In Exodus 35 and 36, Moses begins fundraising for a building program that would eclipse The Crystal Cathedral in today’s currency. As soon as God finishes downloading the blueprint in fine detail, Moses, having no reference for a building project of this magnitude, simply imparts the vision to the people.
A wise proverb states that without a vision, the people perish or in the Berkeley translation, they run wild. That fact was proven in Chapter 32 with the golden calf episode where thousands literally perished because they lost sight of the Promised Land. But now the Hebrews are back on track.
With ready and willing hearts, the people present not only their offerings but themselves to carry out the intricate work of constructing the tabernacle. The Scripture shows us that God had specific people in mind for the various tasks at hand. Not only does He prepare them and place gifts, skills and abilities in them commensurate with the needs, God stirs their hearts with a willingness and a desire to do the work. Now that’s a concept.
It’s worth noting that the people didn’t have to be coerced into giving. No pledge forms, no special offerings for the building program and no weekly reminders of the bills that were coming due. Verse 21 says that each man’s heart stirred him up and every one whom his spirit made willing brought the Lord’s offering to the work of the tabernacle.
The word “willing” is used repeatedly throughout this passage. When people are motivated from their hearts to give or do the work of the ministry, you know God is up to something good. But when people are guilt-manipulated into giving or taking on one of the many required jobs within the church, even though the program may appear successful from the outside, God has left the building.
Because Moses’ hands were off the people, they were motivated to give so much that he had to ask them to stop giving. I don’t know any pastor or leader who has ever had that problem. In fact, it’s usually the opposite.
Having worked in several church plants myself, I know the pressure of finances can cause the leader to transfer that pressure to the people instead of bringing it to God. You can easily step beyond the boundaries of leadership responsibility and place the burden on the people. While the leader is responsible for the vision, God is responsible for the provision to see that vision through to completion. Regardless of whether people give what you think they should. Are you looking to God or people to fulfill your vision?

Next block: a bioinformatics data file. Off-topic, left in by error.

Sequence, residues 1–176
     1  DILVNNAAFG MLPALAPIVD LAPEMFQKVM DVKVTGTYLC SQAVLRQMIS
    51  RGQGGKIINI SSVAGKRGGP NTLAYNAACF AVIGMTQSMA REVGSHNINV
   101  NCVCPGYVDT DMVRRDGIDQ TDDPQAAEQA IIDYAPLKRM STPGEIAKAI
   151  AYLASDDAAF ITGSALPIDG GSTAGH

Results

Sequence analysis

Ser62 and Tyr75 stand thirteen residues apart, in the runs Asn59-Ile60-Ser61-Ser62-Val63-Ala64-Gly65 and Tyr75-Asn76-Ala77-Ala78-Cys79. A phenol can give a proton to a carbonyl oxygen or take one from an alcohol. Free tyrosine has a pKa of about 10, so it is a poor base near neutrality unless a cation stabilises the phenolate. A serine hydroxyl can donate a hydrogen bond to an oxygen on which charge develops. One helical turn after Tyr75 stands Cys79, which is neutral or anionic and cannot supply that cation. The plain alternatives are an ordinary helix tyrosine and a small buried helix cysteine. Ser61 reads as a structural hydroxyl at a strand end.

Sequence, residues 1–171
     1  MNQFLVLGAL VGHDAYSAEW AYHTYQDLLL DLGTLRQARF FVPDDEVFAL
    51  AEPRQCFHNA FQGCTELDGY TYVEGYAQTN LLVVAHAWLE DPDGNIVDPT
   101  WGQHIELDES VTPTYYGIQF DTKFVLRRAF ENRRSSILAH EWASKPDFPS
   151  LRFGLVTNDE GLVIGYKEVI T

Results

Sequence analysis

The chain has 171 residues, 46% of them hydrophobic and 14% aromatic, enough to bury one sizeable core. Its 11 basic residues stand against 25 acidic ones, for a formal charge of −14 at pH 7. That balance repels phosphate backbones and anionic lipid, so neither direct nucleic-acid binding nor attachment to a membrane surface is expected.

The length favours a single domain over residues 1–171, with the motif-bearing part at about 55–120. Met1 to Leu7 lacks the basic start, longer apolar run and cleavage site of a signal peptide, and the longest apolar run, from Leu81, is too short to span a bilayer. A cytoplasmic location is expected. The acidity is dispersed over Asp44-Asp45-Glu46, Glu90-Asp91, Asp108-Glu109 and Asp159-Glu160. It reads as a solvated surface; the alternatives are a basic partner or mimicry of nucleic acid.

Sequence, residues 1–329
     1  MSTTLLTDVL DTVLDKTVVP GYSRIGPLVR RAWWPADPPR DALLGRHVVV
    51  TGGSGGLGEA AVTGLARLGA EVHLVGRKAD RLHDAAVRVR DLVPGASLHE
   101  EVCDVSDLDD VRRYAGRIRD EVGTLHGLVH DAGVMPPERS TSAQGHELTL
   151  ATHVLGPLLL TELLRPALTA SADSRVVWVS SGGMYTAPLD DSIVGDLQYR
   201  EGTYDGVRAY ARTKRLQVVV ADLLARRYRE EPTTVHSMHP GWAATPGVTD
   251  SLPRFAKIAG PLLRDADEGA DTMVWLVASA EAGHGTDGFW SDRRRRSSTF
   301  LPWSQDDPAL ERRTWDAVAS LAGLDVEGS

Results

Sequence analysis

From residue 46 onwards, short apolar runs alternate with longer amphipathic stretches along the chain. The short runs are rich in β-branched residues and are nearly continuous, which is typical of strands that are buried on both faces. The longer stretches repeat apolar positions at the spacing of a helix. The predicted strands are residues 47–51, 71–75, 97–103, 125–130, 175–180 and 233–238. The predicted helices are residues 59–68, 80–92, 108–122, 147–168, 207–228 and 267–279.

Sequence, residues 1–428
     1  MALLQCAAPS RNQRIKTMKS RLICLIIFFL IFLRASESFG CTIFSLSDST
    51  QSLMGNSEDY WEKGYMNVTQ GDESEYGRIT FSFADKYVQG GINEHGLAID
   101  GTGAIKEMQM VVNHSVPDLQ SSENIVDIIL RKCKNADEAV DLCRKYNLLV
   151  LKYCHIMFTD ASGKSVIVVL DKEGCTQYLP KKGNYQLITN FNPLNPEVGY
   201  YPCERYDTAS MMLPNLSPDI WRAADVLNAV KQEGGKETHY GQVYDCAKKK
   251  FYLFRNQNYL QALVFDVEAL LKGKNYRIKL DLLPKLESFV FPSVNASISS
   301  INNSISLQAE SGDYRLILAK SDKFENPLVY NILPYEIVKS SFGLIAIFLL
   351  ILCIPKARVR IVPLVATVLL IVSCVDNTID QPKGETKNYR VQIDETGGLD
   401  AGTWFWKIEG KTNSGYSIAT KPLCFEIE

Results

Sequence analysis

If the finances aren’t there, it’s more than likely because your timing is off. I say your timing because in God’s timing, the provision will be in place. Sometimes it’s because key people aren’t in position. Or the vision is tainted. You may have misinterpreted what God was directing you to do. You may be thinking one thing while He has something completely different in mind. It takes a great deal of patience to wait until the vision is clear and focused and a great deal of wisdom to know when and how to proceed. That’s why God’s timing is important – it allows us to work through all of these issues and be prepared when the time is right.
Continually throughout Scripture you can see this principle at work. David wanted to build a house of the Lord, but he wasn’t the right person for the job. Later, his son Solomon built the most glorious temple to date, but God never lived there. When Nehemiah rebuilt the walls of the temple, every detail fell into place because it was God’s perfect timing.
It’s natural instinct to run ahead of God with a checklist and do what you think He’s telling you to do, only to find you’ve missed the mark. If you haven’t been there, try to learn from someone who has. It hurts.
What God is really interested in is working together and partnering with you in the vision. He makes it easy by giving you everything you need in His timing, including the want-to. The problem is, if you’re used to ignoring those inner promptings, you can easily miss His will.
Here’s a hint: if, during your project, your prayer life has dwindled to nothing and you’re too busy for your primary relationships, red flag.
If you’re headed for a cliff and not seeing the signs, God will send someone into your path to warn you and/or give you clear direction. To clear up a long-standing myth among Christians, it may or may not be a confirmation of what you’ve been hearing, especially if you have blinders on. Case in point: King David didn’t have a clue how far off-course he was until the prophet Nathan called his number.
If, on the other hand, you’re hearing from God step by step, your relationships are in check and you’re receiving encouragement and confirmation along the way, then you might just be on track. Sometimes it’s hard to know the difference until you’ve been there but you can always make adjustments and correct your course along the way.
So how can you ensure that you stay on track with your vision? You need input and accountability from others. I’d like to say it should come from mature and responsible leaders, but that’s not always the case. God used a donkey once and he’s not against using one again in the future. It could be the least expected person in your life or a complete stranger. Your spouse and/or children can often be God’s best messengers if they have your best interests at heart.
Do you have at least one open, honest and transparent relationship where that person can not only encourage, but challenge you to grow and develop as a leader? What about a network of other leaders where you can learn from one another while you both pursue your God-given vision? If you’re standing alone, you won’t be standing for long. You were created for relationship. The sooner you get with the program and find mutual accountability, the sooner you will see your dream and vision succeed.